Personal Services (1987) is a comedy-drama directed by Terry Jones.
The DVD I had begins with text that says “This film is a fiction. The author’s inspiration was a book about Cynthia Payne. However the events recorded in the film and the characters who appear in it are wholly fictitious. This is not the life story of Cynthia Payne.” This is a bit disingenuous, as Payne, a notorious UK madam, is listed in the credits as “Consultant.”
Cynthia Payne, excuse me, “Christine Painter” is introduced as a struggling single mother, working as a cafe waitress while subletting flats to sex workers. After giving a handjob to her landlord in lieu of rent, she quits her waitress job and moves into managing sex workers full time. Christine and her comrades decide to specialize in kink. “The future lies in kinky people,” says Morton, a client who becomes an assistant of sorts to Christine.
At first, Christine is not particularly good at her job. She doesn’t know the jargon, she can’t keep a straight face during fantasy scenes, and she dozes off while a client is in heavy bondage. Shirl, one of her workers, has the best grasp of playing female authority figures to submissive/masochistic men. Christine’s approach to kink is basically capitalist: she doesn’t have to understand it to make money from it. It’s a market niche.
What gets lost in this story is women as desiring subjects. “What’s sex ever done for me? Up the duff at sixteen,” says Christine. We get a few of Christine’s fantasies, which always feature signifiers of upper-class identity: luxurious rooms in penthouse suites, elegant suits and gowns. While she does date a man she finds attractive, she stands him up because she’s busy looking after her clients, including doing a counseling session for her landlord who has been breaking in and wearing her lingerie.
In one scene, over coffee, Shirl pigeonholes men by their kinks to Christine, just by looking at them.
Shirl: “Most men don’t like sex that much. Can’t wait to get it over.”
Christine: “They’re only after one thing. If they didn’t want it, we’d be out of a job.”
Shirl: “I didn’t say ‘want’, Christine, I said ‘like’. I said they didn’t like it.”
Sex, at least for hetero men, is a need that requires women to manage.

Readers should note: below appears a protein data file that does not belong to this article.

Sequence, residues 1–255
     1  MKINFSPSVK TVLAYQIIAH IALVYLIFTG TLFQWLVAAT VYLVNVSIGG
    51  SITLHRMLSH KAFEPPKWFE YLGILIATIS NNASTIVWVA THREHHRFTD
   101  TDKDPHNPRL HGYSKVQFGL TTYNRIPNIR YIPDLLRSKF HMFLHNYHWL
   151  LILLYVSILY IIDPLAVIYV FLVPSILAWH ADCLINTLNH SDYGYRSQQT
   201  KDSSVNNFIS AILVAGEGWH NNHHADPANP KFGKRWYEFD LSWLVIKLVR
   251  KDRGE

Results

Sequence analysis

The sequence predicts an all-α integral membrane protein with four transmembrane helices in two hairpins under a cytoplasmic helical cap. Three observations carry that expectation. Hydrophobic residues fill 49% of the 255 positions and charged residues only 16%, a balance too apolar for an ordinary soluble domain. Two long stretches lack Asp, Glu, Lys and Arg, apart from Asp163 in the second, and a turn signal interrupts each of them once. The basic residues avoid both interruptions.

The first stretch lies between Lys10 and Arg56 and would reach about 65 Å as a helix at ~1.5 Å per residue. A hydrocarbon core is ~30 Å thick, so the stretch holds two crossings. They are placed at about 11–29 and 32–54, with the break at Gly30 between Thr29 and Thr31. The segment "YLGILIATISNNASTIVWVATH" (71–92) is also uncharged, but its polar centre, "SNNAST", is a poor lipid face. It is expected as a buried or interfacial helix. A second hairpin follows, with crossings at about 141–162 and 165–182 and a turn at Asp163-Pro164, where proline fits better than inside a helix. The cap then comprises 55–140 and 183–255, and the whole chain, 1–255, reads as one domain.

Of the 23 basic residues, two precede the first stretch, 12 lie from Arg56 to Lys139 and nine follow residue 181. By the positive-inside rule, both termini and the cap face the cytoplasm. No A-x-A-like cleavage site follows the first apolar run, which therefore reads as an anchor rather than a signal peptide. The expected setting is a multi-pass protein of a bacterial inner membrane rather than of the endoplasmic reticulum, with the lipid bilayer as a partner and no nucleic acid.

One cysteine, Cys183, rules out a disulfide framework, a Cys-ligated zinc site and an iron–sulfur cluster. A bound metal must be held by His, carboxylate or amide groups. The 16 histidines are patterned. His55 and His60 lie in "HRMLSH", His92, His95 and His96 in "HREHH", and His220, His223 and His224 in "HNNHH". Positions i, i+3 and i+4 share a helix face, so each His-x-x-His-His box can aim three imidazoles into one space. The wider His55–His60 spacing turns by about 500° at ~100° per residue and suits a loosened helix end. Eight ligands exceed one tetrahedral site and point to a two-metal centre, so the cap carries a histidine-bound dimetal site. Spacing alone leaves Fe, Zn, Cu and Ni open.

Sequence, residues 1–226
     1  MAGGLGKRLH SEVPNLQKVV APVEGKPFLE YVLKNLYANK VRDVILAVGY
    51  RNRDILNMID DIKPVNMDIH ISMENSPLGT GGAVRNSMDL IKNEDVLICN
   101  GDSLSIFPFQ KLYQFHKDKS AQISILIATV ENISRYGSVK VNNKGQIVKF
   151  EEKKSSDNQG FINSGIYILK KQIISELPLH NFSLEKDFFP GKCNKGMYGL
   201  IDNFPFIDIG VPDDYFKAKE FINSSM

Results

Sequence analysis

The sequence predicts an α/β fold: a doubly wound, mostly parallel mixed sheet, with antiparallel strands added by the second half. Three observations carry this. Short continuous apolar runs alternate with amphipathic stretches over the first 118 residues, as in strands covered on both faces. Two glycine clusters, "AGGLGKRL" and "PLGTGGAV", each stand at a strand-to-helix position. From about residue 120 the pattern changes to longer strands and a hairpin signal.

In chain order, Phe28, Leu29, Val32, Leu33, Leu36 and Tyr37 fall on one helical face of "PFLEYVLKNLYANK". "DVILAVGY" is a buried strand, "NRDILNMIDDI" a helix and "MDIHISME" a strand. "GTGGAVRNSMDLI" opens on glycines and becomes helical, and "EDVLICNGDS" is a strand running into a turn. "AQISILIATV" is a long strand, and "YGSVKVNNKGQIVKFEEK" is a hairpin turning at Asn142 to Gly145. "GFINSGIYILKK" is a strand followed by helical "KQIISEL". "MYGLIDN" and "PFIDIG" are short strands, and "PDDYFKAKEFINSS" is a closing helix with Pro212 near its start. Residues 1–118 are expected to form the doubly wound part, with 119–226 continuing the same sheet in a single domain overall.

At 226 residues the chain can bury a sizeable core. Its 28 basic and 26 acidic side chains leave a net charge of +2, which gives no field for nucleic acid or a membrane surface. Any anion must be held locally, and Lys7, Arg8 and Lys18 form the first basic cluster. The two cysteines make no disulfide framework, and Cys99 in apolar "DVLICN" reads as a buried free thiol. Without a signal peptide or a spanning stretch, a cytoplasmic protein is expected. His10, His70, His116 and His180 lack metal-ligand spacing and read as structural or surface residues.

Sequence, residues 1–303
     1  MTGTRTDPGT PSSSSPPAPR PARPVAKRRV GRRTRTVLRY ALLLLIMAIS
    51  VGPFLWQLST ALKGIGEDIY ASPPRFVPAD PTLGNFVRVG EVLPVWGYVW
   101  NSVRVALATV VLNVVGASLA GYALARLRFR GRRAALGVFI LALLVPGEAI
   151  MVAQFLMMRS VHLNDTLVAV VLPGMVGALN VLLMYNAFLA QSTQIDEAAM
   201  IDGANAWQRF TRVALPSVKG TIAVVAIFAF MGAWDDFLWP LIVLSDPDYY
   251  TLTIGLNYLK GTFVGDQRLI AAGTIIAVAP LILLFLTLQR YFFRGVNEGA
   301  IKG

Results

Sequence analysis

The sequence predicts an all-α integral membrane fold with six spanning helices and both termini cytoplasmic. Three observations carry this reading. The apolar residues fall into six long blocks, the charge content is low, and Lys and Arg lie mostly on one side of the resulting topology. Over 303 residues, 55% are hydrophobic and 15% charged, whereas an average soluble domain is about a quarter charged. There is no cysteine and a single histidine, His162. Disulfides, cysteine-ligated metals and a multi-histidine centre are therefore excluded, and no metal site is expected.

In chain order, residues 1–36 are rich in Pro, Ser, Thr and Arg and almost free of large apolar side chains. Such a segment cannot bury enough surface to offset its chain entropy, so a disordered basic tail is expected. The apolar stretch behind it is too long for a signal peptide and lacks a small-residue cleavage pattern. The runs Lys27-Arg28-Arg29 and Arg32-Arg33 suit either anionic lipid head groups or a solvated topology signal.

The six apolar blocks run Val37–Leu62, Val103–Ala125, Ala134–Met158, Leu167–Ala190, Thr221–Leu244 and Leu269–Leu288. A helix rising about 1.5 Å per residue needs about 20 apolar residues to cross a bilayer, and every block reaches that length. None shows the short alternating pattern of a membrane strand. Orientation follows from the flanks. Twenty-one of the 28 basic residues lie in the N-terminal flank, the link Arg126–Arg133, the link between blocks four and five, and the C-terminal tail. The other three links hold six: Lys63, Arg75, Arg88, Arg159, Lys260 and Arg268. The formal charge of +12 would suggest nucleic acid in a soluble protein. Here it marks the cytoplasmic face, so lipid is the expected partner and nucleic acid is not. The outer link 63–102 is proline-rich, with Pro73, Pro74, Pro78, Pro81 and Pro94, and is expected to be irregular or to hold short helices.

After one of her parties, Christine serves tea, poached eggs and toast to the men seated around her kitchen table. Is she doing the same job she did as a waitress, just charging a lot more?
This woman-as-caretaker gets into an uncomfortable, bordering on incestuous situation when Christine’s teenage son David has his birthday and her “present” for him is a woman in lingerie named Carol. (In the 1980s, the age of consent in the UK was 16, which makes it slightly better.) Moments later in the same scene, Christine’s father drops by and reluctantly admits that “Your father needs a woman.” Her solution is to send him to Carol too, only moments after seeing David. It’s as if being a good madam also makes her a good daughter and mother.
The climax of the film is a Christmas house party for her clients, with the house packed with sex workers. Christine has created a community space for pleasure and expression of divergent gender identities. The convivial atmosphere ends when the police (whom Christine resisted when they pressured her) raid the establishment.
In the police station, Christine monologs about her philosophy:
“If the wives were willing, I’d be out of a job, wouldn’t I? They go off sex. Rather sell Tupperware.”
“Sex soon goes out of a marriage. I’m a bit old fashioned, really. I believe in marriage. Men are animals, sexually. They don’t talk a bit of sense until you’ve got them despunked. Women are more affectionate. They like a bit of affection. Though I’ve met a few horny buggers in my time. The wife wants a three-piece suite. If she gave the man sex, he might be more inclined to come across with the three-piece suite. It may not be a fashionable thing to say, but once you’ve got him despunked, and he’s sitting there thinking he’s all wonderful, done you a good turn, given you a pair of soggy knickers, in the afterglow of his glory, he’s more likely to come across with a Dralon three-piece, don’t you think?”
“I’m responsible, not the men. You can’t expect the men to be responsible. When the balls are full, the brain is empty.”
Called before the court, Christine sees that the head judge is one of her clients. From her point of view, she sees him in his wig and robes, then in his schoolboy uniform and cap. This representative of the state is just another overgrown boy in need of nurturing, whom she can control.
In other words: maternity = sexual/emotional labor = material goods = social status and security. Women as desiring sexual subjects aren’t a part of that equation. No mention of what women are supposed to do for their sexual or emotional satisfaction.
Danielle J Lindemann’s book Dominatrix discusses the problems of the “healing” narrative of explaining and justifying pro dommes. Not only does this pathologize kinky people as in need of healing, it also puts a lot of pressure on dominatrixes to be caretakers instead of service workers trying to survive economically. Personal Services allays Christine’s mercenary, blunt and domineering qualities by presenting her core as maternal, a proper woman. I.e. an asexual caretaker of men.
One of the themes of Personal Services is the difficulty of putting a dominant woman in a romance plotline, and we will return to this point in other films.